Rebecca Mutumosi Mfutila, an ordained minister in the Evangelical Community of the Kwango (Communauté Evangélique du Kwango (CEK)) was awarded the 2022 Sylvia Michel Prize in Bern, Switzerland, on 7 November.
The Sylvia Michel Prize, co-sponsored by the Protestant Church of Switzerland (PCS) and World Communion of Reformed Churches (WCRC) promotes and supports individuals and projects for the development of women in leadership in Reformed churches worldwide.
“The awarding of the Sylvia Michel Prize raises awareness that church leadership bodies in many places are still unequally composed. With the award, we show pioneering women like Rebecca Mutumosi Mfutila around the world that we stand by their side,” said Rita Famos, PCS president.
“It is an act of solidarity and commitment to women who are in leadership and who insist to use their talents on all levels of the ministry of the church,” said Najla Kassab, WCRC president. “Rebecca has become a role model for many young women. She encourages them to become involved in the leadership of the church and society.”
Mfutila, the first ordained minister in her church in 2014, worked as a pastor and also volunteered as general secretary of the CEK Women’s Federation in Kinshasa, Democratic of Congo, from 2002 to 2010; she has been its president since 2010. From 2010 to 2015, she led the women’s ministry of the national association Église du Christ au Congo (ECC). Since 2020, Mfutila has additionally been responsible for women’s concerns at the national federation of the various Protestant churches in ECC.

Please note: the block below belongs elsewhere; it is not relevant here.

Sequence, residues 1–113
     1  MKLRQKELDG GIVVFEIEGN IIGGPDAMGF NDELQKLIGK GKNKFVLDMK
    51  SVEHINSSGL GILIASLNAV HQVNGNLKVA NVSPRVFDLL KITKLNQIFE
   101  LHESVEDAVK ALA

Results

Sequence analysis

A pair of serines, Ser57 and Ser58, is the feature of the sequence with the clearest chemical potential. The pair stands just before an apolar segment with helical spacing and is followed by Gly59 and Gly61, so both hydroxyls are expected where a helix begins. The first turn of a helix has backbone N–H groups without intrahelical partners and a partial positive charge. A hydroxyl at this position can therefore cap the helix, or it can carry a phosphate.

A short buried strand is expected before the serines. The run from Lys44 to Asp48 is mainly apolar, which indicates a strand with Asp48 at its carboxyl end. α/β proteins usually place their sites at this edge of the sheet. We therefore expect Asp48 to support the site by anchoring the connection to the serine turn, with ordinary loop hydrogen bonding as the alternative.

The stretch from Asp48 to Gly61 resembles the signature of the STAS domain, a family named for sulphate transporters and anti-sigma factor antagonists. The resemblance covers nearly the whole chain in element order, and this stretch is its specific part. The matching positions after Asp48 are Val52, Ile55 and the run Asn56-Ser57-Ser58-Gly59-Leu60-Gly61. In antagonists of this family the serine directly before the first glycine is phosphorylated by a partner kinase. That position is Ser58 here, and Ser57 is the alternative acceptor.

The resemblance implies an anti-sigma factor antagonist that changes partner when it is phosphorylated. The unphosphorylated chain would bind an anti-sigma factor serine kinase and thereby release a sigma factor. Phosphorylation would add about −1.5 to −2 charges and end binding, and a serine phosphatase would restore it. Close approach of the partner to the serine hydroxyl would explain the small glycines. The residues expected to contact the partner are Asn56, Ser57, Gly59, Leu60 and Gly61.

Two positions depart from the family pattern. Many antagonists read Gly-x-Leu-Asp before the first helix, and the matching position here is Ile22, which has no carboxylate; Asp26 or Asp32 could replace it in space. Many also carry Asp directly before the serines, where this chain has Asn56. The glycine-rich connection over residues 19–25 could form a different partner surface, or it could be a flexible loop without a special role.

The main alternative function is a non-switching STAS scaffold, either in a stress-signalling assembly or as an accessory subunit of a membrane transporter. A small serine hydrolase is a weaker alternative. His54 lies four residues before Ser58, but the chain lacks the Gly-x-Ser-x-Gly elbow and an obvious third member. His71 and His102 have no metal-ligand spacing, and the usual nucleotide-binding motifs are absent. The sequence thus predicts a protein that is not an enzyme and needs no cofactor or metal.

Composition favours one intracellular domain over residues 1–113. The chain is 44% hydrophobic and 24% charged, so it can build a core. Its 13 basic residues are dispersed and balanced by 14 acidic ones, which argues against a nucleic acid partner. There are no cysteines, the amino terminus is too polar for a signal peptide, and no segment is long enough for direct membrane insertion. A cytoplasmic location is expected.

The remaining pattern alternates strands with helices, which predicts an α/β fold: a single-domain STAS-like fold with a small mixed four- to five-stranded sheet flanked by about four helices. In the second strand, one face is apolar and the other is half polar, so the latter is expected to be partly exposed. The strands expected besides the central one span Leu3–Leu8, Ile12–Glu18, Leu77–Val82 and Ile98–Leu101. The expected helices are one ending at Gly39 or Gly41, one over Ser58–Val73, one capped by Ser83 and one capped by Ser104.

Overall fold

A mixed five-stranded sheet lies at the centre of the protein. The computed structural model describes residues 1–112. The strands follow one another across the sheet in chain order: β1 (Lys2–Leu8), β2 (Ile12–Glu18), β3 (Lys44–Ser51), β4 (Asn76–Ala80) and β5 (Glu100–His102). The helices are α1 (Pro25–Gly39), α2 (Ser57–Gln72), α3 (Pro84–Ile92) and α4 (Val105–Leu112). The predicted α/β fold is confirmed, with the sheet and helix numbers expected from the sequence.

“I consider the Sylvia Michel Prize as an invitation to work even harder in the struggle for the advancement of women. This is not an easy task, especially in the context of our underdeveloped countries,” said Mfutila in her acceptance remarks. “I therefore call on all people of good will to help us in any way to carry out this serious and noble mission.”
“This prize reflects the depth of our understanding of the priesthood of all believers, the call of Christ to all those who are baptized, and the journey of the Holy Spirit in the life of the church as we envision together how to be the body of Christ in the world,” Kassab said. “What brings us together is our hope in the God of life. Together we will continue to work for a better tomorrow under the eyes of God.”
The prize was established to honour Sylvia Michel of the Reformed Church of Argovia who was the first woman in Switzerland to hold the position of president of a church. The prize has long been organized by PanKS, an association of women current and previous presidents and vice-presidents of the Reformed churches in Switzerland.
Lini Sutter, head of the PanKS leadership team, looked back at the beginnings in her speech: “In 2005, when we ten women presidents—most of us the first in the presidency of our churches—met at the Rügel in Aargau, we did not yet know where this togetherness would lead. We were interested in mutual exchange, encouragement, and strengthening. The Sylvia Michel Award, created in this spirit, recognizes the competence with which women carry and lead churches.”
PanKS will soon dissolve but the PCS, in partnership with the WCRC, will continue to award the Sylvia Michel Prize.